Infusion of l-arginine Is Neuroprotective in Wild-Type Mice Treated With Kainate
The production of ONOO− appears dependent on the action of nNOS to generate both NO and superoxide. Although nNOS preferentially produces NO exclusively, superoxide is produced when the substrate required to generate NO, l-arginine (l-arg), becomes limiting. This situation is physiologically relevant, because low levels of l-arg occur during neurodegenerative events.34 Accordingly, it is believed that on KA injection, l-arg levels become exhausted, leading to ONOO− formation and neurodegeneration. We set out to test this hypothesis by examining the consequence of increasing the l-arg reservoir. Wt mice were infused with 500 μmol/L l-arg 2 days before injection with KA. l-arg alone had no effect on neuronal survival (Figure 4). However, infusion of the l-arg before KA injection conferred protection against degeneration (arrows in Figure 4A delineate limited degeneration). To evaluate whether the infusion of l-arg affected ONOO− production, we immunostained for N-tyrosine, a protein modification mediated by ONOO−. We did not detect N-tyrosine staining (Figure 4C) in KA-injected mice infused with l-arg, suggesting the presence of reduced ONOO− levels. This result confirms that this pathway affects neurotoxicity.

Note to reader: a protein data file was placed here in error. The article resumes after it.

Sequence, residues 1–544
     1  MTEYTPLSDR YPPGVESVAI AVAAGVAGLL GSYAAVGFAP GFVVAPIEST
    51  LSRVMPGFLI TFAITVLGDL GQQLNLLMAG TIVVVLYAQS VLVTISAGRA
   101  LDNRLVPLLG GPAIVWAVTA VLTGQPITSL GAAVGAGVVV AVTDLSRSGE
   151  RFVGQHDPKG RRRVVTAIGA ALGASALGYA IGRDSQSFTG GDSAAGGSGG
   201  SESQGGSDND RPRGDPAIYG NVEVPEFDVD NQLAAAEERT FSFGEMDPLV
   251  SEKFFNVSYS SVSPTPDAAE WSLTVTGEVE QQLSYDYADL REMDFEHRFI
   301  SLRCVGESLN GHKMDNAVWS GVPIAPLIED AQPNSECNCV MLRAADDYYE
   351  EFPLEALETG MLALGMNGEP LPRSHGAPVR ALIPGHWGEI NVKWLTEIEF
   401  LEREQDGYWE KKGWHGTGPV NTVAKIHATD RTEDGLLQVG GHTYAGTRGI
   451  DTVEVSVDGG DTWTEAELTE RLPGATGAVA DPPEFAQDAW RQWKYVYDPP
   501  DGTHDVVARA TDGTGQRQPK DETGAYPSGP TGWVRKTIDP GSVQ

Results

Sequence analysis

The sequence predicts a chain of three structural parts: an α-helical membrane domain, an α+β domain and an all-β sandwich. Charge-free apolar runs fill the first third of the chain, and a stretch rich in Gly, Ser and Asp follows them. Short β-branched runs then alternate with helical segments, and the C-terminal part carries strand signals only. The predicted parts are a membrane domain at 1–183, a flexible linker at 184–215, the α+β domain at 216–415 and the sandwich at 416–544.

Endothelial Nitric Oxide Synthase as a Mediator of Blood–Brain Barrier Breakdown